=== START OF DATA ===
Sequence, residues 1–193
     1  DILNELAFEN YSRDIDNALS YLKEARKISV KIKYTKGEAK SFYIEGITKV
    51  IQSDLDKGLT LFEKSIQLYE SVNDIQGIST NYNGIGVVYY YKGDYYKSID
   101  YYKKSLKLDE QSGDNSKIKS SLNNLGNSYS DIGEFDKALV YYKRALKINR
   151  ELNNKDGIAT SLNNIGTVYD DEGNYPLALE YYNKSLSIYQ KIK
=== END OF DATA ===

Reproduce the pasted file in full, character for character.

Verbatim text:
Sequence, residues 1–193
     1  DILNELAFEN YSRDIDNALS YLKEARKISV KIKYTKGEAK SFYIEGITKV
    51  IQSDLDKGLT LFEKSIQLYE SVNDIQGIST NYNGIGVVYY YKGDYYKSID
   101  YYKKSLKLDE QSGDNSKIKS SLNNLGNSYS DIGEFDKALV YYKRALKINR
   151  ELNNKDGIAT SLNNIGTVYD DEGNYPLALE YYNKSLSIYQ KIK